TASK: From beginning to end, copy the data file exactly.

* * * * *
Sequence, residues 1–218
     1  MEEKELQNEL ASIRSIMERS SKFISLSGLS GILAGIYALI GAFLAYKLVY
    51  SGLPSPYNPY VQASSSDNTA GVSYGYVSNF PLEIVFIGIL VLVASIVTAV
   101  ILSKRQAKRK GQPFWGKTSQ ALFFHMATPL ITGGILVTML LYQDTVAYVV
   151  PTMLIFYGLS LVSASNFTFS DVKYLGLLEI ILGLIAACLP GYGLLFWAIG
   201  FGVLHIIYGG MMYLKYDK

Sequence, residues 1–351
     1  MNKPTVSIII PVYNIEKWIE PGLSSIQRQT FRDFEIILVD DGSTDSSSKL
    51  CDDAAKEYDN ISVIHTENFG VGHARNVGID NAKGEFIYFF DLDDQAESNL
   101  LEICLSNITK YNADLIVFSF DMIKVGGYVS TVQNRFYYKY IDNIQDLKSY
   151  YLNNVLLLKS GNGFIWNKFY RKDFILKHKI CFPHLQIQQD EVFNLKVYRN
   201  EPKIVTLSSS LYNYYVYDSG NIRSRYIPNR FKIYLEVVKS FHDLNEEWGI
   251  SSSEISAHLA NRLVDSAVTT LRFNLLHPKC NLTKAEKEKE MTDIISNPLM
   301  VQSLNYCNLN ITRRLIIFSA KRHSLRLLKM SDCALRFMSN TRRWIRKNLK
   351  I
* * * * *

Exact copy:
Sequence, residues 1–218
     1  MEEKELQNEL ASIRSIMERS SKFISLSGLS GILAGIYALI GAFLAYKLVY
    51  SGLPSPYNPY VQASSSDNTA GVSYGYVSNF PLEIVFIGIL VLVASIVTAV
   101  ILSKRQAKRK GQPFWGKTSQ ALFFHMATPL ITGGILVTML LYQDTVAYVV
   151  PTMLIFYGLS LVSASNFTFS DVKYLGLLEI ILGLIAACLP GYGLLFWAIG
   201  FGVLHIIYGG MMYLKYDK

Sequence, residues 1–351
     1  MNKPTVSIII PVYNIEKWIE PGLSSIQRQT FRDFEIILVD DGSTDSSSKL
    51  CDDAAKEYDN ISVIHTENFG VGHARNVGID NAKGEFIYFF DLDDQAESNL
   101  LEICLSNITK YNADLIVFSF DMIKVGGYVS TVQNRFYYKY IDNIQDLKSY
   151  YLNNVLLLKS GNGFIWNKFY RKDFILKHKI CFPHLQIQQD EVFNLKVYRN
   201  EPKIVTLSSS LYNYYVYDSG NIRSRYIPNR FKIYLEVVKS FHDLNEEWGI
   251  SSSEISAHLA NRLVDSAVTT LRFNLLHPKC NLTKAEKEKE MTDIISNPLM
   301  VQSLNYCNLN ITRRLIIFSA KRHSLRLLKM SDCALRFMSN TRRWIRKNLK
   351  I